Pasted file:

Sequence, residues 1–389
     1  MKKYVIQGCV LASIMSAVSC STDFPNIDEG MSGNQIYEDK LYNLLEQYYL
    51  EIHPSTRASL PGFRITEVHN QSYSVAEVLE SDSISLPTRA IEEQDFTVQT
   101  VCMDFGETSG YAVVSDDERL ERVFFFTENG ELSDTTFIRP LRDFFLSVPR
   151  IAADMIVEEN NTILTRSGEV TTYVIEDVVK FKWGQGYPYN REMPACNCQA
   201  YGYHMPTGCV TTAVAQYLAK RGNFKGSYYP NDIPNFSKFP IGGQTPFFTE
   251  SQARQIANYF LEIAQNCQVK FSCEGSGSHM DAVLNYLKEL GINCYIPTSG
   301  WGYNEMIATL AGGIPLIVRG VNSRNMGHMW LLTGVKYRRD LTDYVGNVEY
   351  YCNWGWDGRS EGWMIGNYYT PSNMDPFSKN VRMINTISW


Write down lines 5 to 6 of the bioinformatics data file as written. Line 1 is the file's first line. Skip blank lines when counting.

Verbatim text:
   151  IAADMIVEEN NTILTRSGEV TTYVIEDVVK FKWGQGYPYN REMPACNCQA
   201  YGYHMPTGCV TTAVAQYLAK RGNFKGSYYP NDIPNFSKFP IGGQTPFFTE